Referring to his father, Clerk of Court Tom Bexley told county commissioners on Monday, “he told me, when you need something from a man, you walk up on his porch, you knock on his door, you look him in the eye, and you talk to him. That’s what I’m doing today.”
After outlining the effects of covid-19 on his office–the $600,000 in lost revenue, the reduction from 62 jobs to 54, including four actual layoffs, the lingering uncertainties–he asked for a $250,000 emergency appropriation out of the county’s general fund budget, itself already strained and operating on low reserves.
“This does not reinstate the people that I’ve lost. This keeps me from cutting further,” Bexley told commissioners.
They appropriated the money, setting a precedent they may not be able to replicate as falling revenue is cascading over state and local governments. Bexley’s ask was an opening shot in what may be several seasons of contractions.
Many look at government and governmental entities as immune to the effects of the pandemic due to the reliance on ad-valorem property taxes to support us and our governmental operations,” Bexley said. While property taxes do provide that reliable source, he said, “I know you are painfully aware of the additional reliance on user fees such as sales tax, gas tax, hotel bed tax, to keep us solvent and productive. Well, our office is not immune to that either. We rely on additional sources.”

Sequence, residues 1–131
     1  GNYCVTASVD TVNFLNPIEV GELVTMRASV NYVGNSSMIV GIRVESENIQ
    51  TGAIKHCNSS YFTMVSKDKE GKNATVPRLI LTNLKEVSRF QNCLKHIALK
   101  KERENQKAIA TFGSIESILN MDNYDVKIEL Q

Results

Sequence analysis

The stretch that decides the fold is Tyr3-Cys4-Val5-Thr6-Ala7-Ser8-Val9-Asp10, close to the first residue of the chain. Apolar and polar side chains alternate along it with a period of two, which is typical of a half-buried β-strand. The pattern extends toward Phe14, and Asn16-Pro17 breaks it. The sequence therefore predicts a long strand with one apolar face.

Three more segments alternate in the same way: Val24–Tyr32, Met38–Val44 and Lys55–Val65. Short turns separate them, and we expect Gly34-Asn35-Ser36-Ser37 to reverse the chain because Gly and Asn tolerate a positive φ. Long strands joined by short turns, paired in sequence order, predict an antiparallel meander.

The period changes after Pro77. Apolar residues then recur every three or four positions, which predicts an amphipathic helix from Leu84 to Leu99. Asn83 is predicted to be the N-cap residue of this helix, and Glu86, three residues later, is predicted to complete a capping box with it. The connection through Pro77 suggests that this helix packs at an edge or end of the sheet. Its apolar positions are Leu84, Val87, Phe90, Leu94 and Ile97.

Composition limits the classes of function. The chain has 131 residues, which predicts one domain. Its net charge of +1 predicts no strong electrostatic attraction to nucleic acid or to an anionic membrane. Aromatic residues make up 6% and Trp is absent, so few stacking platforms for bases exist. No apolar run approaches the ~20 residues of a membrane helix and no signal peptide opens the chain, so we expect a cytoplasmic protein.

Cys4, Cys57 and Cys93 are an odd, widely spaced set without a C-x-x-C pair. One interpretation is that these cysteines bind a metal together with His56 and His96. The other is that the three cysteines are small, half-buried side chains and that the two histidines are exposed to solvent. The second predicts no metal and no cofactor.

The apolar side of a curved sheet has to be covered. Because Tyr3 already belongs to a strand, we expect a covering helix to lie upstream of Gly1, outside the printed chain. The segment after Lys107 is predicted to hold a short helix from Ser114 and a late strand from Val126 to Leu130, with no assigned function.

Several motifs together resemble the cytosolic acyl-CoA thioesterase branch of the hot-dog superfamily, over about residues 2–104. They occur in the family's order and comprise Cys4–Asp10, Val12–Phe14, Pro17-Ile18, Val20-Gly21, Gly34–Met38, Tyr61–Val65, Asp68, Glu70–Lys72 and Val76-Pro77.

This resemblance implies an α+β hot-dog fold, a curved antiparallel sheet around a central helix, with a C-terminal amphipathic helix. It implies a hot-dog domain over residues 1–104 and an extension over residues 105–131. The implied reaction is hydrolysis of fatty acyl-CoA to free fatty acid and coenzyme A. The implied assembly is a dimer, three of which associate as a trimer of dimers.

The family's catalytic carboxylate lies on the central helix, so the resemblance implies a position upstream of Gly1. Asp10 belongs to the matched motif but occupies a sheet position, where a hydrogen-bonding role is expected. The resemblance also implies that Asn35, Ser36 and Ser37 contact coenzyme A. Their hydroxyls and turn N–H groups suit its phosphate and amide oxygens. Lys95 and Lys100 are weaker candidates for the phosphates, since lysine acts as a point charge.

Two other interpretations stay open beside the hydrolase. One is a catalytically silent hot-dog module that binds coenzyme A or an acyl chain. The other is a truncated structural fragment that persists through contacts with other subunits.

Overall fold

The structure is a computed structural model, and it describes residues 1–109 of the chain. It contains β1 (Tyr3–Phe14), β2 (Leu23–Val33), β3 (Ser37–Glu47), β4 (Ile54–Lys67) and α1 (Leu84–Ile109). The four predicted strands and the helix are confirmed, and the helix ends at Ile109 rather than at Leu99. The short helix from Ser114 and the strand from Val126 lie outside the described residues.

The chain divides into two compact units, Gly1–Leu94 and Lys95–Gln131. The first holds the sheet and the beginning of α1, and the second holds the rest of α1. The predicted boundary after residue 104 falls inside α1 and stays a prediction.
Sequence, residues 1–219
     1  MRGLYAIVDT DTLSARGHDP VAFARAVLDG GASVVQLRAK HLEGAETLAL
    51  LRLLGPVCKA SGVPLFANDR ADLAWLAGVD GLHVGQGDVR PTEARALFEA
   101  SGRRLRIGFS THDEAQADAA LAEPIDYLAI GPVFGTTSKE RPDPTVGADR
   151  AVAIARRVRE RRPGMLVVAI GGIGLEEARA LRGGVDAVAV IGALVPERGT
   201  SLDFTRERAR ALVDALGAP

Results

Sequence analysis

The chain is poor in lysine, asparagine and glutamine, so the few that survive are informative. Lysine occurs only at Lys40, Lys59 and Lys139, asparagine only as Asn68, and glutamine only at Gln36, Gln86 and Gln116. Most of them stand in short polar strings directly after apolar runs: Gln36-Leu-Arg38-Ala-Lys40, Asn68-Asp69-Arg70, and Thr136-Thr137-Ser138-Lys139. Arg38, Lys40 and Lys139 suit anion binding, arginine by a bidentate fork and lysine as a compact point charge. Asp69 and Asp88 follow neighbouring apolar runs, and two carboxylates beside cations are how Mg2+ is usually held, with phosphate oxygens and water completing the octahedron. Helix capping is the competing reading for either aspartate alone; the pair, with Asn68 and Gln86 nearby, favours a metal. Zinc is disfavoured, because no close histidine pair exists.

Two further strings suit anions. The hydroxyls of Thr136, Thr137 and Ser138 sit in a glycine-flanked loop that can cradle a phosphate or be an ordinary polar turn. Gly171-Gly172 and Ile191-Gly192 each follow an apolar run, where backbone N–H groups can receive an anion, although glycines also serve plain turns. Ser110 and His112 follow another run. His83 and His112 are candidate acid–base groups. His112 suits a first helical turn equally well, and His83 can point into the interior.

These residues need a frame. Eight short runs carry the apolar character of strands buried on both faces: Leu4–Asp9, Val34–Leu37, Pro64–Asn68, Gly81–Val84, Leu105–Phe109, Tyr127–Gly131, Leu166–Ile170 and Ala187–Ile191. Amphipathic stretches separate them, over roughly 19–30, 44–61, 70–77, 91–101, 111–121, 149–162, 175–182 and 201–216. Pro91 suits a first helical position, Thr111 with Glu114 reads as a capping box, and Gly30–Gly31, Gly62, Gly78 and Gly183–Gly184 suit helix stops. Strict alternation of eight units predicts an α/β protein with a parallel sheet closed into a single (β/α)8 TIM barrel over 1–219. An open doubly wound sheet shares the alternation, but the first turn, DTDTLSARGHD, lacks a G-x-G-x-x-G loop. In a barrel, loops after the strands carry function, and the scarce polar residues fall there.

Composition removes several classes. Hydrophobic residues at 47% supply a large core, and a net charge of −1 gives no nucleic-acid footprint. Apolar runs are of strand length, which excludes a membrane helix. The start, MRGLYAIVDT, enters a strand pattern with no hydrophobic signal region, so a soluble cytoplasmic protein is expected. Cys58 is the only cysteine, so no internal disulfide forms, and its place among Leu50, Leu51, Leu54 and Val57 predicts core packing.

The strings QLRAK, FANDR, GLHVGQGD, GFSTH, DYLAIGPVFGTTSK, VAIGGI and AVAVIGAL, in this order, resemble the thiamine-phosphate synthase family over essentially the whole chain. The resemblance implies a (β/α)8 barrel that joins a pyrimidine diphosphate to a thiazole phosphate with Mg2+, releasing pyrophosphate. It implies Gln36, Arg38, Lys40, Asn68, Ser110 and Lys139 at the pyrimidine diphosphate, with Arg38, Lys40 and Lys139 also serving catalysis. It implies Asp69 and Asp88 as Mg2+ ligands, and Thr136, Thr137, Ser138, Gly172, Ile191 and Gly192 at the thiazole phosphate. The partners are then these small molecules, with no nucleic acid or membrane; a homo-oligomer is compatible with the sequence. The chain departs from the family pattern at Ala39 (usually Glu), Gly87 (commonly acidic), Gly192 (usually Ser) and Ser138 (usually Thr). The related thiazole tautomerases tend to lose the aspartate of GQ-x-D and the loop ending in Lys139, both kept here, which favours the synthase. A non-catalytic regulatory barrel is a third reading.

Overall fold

The clerk’s office as set up in Florida has innumerable responsibilities, supporting the judiciaries, the public and county governments, from accounting to financial reporting to payroll processing and auditing, court filings, deeds, real estate documents and so on. The office operates on two budgets–court side and non-court side, the latter fed by user fees and an annual appropriation from the county commission. The court-side budget is fed through traffic tickets, court filings and the like: that’s seen a 33 percent drop in revenue. “So when cuts have to be made to
“Being fiscally prudent can only take you so far, and time has caught up with us,” Bexley said, describing how several weeks ago he laid off “friends, colleagues and neighbors in order to keep this office solvent. Decades of institutional knowledge walked out of my office in one day. It was truly one of the most difficult things I’ve had to do. Bottom line though is this cannot continue.”
Come Oct. 1, it’s not certain that the office could carry on as is, so it’s considering closing some sections of the office that deals with the public to half days. “I think we’re all trying to stay hopeful and positive, knowing that the economy is going to recover,” Bexley said. “But when will that day arrive? This week, next week, next year.”
Four of the eight positions were reduced through retirements and leaving open positions unfilled. The other four entailed actual layoffs.
He asked for the one-time emergency appropriation beginning Oct. 1 to allow the office to continue its work as one of the ways to make ends meet. The eight positions eliminated saved around $200,000. The county’s $250,000 infusion would make up another portion of the gap. Bexley expects improving revenue to make up the remainder of the lost $600,000.